Discover more from Learning by Proxy with Vivek Srinivasan
Insisting that every plane land on city roads would only result in aviation being completely stagnant. This is what we are insisting from self-driving cars. Why? Idiot Billionaires.
Humans found horses 30,000 years ago. For the most part, the horses served as food. In South America, horses were hunted to extinction. It was not until 3500 BC that horses were domesticated mostly in the Steppes. Once domesticated, horses were highly versatile and fast land animals that served as great transportation. They were very useful on plains but they also could climb hills and other terrains, just not as swiftly.
When the first automobiles were developed, nobody bothered to find out how the car would gallop over obstacles or if it would be able to drive across a not-so-shallow stream.
Imagine the over-engineering that would have been needed to create a car that could jump over a haystack and drive through chest-high waters!
Instead across the world, the most widespread infrastructure development initiative was unleashed and we got the Road Network. Today there are about 64 Million kilometres of roads across the world. America has the most at 6.8 million Kms followed by India at about 6.3 million Kms.
Going faster and being safer meant having better infrastructure, not teaching the car to gallop.
But Hubris has no ends
Lidar is a technology that has been around for decades and has been getting better year after year. It uses a laser to map the topography around its camera. You can strap on a lidar sensor to a vehicle and keep rendering the topography around the vehicle to know where the obstacles are. This is one way of “seeing” the world.
Then there is Tesla where Elon Musk wants to build computer vision systems that can “see” the world as humans would. How has it been going? Well, check out the video below.
There is a hoard of Musk fans who have trolled the hell out of the post.
I personally feel that neither of the technologies is the solution.
Just like cars needed road and not the ability to gallop, autonomous vehicles will need infrastructure that can communicate with the vehicles rather than the ability to see. The roads should be able to talk to the car with embedded sensors that have information about the surroundings.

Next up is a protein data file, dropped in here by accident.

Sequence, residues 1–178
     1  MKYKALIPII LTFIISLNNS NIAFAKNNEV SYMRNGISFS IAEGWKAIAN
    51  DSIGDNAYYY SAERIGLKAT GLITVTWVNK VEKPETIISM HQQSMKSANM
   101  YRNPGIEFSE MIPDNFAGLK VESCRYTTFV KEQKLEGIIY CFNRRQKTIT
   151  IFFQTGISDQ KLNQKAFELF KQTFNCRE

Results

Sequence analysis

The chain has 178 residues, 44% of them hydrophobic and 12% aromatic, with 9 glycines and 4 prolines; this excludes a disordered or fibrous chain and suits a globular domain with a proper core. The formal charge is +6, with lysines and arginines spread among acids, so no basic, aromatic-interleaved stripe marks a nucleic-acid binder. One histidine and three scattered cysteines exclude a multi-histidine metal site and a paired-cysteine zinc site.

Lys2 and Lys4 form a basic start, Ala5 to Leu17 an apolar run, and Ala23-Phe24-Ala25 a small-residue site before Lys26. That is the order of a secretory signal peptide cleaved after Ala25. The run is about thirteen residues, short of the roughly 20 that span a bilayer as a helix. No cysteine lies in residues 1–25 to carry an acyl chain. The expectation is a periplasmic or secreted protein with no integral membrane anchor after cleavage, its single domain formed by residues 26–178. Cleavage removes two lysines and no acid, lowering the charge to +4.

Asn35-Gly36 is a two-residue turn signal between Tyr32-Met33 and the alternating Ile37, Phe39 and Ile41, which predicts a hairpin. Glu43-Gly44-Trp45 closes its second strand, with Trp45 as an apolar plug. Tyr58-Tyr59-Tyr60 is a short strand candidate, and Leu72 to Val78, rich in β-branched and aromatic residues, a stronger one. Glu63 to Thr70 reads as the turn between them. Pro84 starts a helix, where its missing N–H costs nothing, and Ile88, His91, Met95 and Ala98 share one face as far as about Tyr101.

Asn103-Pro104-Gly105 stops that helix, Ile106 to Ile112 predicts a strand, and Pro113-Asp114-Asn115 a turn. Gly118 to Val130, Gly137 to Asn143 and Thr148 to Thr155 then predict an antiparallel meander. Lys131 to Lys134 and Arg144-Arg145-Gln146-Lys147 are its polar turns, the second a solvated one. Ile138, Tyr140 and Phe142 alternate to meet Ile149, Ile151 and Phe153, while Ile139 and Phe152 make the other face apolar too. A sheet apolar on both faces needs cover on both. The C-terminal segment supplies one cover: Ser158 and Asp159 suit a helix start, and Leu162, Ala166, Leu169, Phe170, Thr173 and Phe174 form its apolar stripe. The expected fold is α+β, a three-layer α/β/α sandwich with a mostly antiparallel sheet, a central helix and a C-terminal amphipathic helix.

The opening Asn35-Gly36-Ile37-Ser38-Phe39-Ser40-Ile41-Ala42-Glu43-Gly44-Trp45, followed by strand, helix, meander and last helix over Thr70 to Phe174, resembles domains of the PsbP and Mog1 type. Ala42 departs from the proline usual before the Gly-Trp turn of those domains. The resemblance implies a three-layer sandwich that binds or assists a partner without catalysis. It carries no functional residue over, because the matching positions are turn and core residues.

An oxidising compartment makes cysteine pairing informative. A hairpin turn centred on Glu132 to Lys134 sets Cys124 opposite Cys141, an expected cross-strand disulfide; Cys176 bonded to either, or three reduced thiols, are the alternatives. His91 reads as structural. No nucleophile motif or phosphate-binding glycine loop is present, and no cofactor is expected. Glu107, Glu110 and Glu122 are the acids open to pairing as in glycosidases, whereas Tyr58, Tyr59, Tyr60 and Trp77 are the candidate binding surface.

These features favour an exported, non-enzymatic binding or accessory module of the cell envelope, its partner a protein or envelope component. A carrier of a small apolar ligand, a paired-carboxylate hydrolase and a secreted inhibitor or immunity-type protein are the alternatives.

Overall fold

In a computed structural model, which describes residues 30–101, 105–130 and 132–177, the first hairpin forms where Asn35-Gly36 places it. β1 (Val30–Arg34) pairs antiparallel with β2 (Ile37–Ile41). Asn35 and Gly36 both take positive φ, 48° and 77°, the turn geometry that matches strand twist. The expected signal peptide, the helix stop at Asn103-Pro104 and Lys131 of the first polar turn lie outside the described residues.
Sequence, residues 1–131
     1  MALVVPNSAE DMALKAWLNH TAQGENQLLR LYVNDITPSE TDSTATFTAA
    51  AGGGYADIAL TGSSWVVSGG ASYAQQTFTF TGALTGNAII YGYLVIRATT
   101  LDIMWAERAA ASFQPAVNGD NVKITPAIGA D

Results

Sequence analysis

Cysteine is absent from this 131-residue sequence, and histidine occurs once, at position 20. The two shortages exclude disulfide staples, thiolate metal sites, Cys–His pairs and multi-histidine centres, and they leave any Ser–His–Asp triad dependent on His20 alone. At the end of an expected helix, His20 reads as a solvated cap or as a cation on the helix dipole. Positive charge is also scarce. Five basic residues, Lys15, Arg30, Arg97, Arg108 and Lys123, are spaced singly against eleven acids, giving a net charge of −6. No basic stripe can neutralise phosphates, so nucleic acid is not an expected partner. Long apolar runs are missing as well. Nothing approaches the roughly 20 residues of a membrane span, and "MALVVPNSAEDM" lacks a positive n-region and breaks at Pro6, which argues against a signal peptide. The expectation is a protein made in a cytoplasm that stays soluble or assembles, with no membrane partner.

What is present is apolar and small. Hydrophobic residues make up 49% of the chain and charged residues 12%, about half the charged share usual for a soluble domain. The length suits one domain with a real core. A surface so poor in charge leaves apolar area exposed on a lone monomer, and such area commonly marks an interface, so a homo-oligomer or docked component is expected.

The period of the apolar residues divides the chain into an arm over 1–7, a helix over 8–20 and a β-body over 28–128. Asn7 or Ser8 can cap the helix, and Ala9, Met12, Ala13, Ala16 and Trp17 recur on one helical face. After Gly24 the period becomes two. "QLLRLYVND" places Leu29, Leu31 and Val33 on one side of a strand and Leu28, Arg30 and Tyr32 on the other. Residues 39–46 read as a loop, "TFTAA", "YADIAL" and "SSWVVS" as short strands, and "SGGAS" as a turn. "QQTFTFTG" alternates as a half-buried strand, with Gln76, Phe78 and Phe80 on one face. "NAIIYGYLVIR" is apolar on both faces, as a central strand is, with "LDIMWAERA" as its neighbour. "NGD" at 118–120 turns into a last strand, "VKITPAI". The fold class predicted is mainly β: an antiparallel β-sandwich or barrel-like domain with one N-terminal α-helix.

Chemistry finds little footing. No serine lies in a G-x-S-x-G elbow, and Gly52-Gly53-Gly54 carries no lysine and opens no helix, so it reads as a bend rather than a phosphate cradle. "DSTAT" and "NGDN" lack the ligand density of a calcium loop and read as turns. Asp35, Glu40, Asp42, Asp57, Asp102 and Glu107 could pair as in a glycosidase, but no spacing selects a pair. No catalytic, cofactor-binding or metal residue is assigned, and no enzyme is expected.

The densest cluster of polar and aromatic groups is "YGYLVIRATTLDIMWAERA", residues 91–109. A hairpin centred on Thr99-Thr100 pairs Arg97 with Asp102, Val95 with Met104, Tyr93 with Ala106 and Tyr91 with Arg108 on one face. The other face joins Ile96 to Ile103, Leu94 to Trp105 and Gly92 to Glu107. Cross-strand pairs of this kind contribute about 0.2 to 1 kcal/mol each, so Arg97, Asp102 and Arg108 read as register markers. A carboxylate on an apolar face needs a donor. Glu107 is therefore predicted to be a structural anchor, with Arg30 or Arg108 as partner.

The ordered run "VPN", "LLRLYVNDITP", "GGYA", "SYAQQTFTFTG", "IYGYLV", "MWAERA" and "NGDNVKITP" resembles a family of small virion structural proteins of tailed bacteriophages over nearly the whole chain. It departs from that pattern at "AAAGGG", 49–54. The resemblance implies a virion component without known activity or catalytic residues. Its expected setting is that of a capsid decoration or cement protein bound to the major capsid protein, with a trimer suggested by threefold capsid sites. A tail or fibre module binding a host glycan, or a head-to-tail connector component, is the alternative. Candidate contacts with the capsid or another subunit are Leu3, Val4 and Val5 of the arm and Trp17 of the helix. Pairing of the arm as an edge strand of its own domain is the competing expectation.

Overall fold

Also, vehicle-to-vehicle communication would be important since it would make it possible for a mesh of information to exist which would be far greater than what one vehicle can sense.
But we live in a world of ‘defensible moats’. Everyone wants to own proprietary technology. Imagine a proprietary internet. It would have sucked.
While the hubris-laden morons were fighting with each other over what is best, much like the tweet above, the policy changed.
Today, the DC circuit court released its decision, siding with the Federal Communications Commission, on its reallocation of part of the 5.9GHz band. It’s a big win for the FCC and a big loss for the auto industry, which has promised to use the airwaves to improve safety through a technology called “vehicle-to-vehicle” (V2V) or “vehicle-to-everything” (V2X) communication.
The problem, as hilariously put by Judge Justin Walker in his opinion, is that this technology has never really existed. It was one of those “just around the corner”-type innovations that has always been promised but never actually delivered. It was a fantasy, and today, the court’s basically said as much.
The reason it was always around the corner is that such technology would require adhering to a standard and agreeing to work together. Nobody could.
At least in the US, the window of opportunity has closed.
Technology comes with its inherent limits. You need to build a world where it can thrive despite those limits and not overcome those limits.